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How to Roast a Succulent and Perfect Turkey

How to Roast a Succulent and Perfect Turkey

I have been hosting Thanksgiving 13 years and would really enjoy taking a year off from the Tom Turkey Project; however, there would be a gap.  I have my own way of prepping and cooking the famous bird and feel the need to share with my readers.

In the past, I always ordered and cooked the frozen turkey. Then a few years ago curiosity and a change of pace had me purchase a fresh bird and a good choice it was. The only problem is that a fresh turkey does not come with a lifter; hence, I created my own. See the illustration at the end of this article.

Items needed

70 inches of twine for make-shift turkey lifter
4 Sticks Unsalted Butter
Salt and Pepper
Carving Board with Moat (if possible). The moat is the recessed edges of the carving board that contains the juices while carving and makes for easy cleanup. 

Food Station
I always set up my kitchen table as the food station. This is where I place the leftovers in their respect servers after dinner. This allows everyone to chose their pickin's "to go". I usually provide the extra containers for my first-time guests but family usually brings their own. The best part of Thanksgiving Dinner is the leftovers. 

Thanksgiving Eve 
Remove giblets and anything that doesn't look right. Rinse the bird inside and out. I run a cup of warm salt water through the bird to ensure the insides are clean. 

Place in the refrigerator on a shallow pan and cover the bird with plastic wrap. This ensures freshness and keeps the bird moist.

Thanksgiving morning:
Remove bird from the refrigerator - rinse off the remaining juices, pat dry and allow to sit at room temp for at least 20 minutes

Preheat Oven 325 for 10 -15 minutes, depending on the speed of your oven.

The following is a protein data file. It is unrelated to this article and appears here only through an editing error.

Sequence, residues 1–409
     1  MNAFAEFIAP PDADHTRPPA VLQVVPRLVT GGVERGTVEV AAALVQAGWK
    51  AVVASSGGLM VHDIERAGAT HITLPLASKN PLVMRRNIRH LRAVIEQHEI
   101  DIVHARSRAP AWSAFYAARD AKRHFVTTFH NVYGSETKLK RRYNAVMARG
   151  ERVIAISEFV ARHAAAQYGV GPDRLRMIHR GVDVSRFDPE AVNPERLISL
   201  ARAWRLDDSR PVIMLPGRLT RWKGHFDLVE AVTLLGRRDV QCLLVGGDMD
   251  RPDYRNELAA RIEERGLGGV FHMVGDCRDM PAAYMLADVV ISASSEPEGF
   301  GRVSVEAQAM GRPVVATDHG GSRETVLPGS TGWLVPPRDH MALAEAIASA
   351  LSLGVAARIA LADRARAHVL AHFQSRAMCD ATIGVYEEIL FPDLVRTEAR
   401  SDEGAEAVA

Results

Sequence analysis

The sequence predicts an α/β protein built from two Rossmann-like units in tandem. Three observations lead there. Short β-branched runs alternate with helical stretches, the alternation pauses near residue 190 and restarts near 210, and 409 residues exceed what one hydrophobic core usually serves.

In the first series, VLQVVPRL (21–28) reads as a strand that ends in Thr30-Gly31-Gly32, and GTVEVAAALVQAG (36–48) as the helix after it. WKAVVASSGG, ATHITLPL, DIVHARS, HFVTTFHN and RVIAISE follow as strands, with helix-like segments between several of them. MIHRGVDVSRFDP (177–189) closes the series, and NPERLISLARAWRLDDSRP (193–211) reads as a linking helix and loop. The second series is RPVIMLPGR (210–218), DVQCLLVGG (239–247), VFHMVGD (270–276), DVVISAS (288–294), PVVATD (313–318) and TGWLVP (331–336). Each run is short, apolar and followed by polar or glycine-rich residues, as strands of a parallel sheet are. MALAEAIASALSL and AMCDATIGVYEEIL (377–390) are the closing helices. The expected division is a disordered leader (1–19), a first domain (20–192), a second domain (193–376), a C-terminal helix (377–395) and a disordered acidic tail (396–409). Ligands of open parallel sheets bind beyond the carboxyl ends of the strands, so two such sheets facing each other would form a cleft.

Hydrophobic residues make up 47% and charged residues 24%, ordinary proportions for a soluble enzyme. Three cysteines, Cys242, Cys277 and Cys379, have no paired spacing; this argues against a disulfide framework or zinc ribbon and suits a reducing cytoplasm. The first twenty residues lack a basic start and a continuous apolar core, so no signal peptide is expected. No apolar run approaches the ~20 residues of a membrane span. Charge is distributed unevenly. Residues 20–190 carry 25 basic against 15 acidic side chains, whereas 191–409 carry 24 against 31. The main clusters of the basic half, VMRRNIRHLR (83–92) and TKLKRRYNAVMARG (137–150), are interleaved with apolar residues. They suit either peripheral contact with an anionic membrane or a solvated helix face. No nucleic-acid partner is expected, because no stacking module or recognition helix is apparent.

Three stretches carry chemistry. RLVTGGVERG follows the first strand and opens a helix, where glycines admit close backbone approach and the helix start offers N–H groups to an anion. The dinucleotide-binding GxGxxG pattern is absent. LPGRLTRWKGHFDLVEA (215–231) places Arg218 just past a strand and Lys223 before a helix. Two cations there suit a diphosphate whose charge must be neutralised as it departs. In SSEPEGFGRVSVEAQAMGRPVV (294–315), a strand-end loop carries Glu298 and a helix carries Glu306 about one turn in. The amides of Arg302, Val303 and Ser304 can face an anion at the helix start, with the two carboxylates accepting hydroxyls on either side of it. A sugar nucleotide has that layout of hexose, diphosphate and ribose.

Place the twine (makeshift turkey lifter) lengthwise on the roasting rack with ends hanging over the edges of the pan. (See illustrations below)

Please note: In the above illustration, it is better to make 2 or 3 center knots for the bird to lay on. This offers leverage.

Place bird on the roasting rack. Using one stick of unsalted butter, insert slices under the skin without ripping the skin from turkey and insert slices into the skin of the legs.  

Salt and pepper the bird, then use the remaining stick of butter to smooth over the entire bird. (You can nuke the butter just a tad for smoother coverage)

(Optional) Place the 2nd stick of Unsalted Butter inside the turkey to keep it moist while roasting or, use other ingredients (chopped onions, oranges, celery) in and around the turkey for added flavor.

Lastly, I pour a small amount of Swanson Low-Sodium Chicken Broth in the roasting pan. Just enough to cover the bottom of the pan. This prevents the bottom of the pan from burning. 

Now place bird in oven and let Tom do his thing. 
Microwave the remaining 2 sticks of Unsalted Butter in a small dish for a few seconds. This will be used to baste the bird every 45 minutes. I am old-school and find this method more rewarding for a moist and succulent bird. 

After 3 hours, check with meat thermometer – place on the highest, thickest part of the thigh w/o touching the bone / it must read 180. The last half hour of roasting, baste it one more time then cover the bird with foil. The top tends to brown faster.

Once the turkey is a deep, golden brown, remove from oven and place on top of stove to cool down for 30-45 min.  This helps contain the juices and make for a cleaner, neater carving.  

Optional: I use McCormick’s Low-Sodium Turkey Gravy. You can make your own, but this is faster and tastes just as good. The recipe calls for 1 cup of water but I add an extra one-quarter cup of water to cut the salt and give it a smoother taste. 


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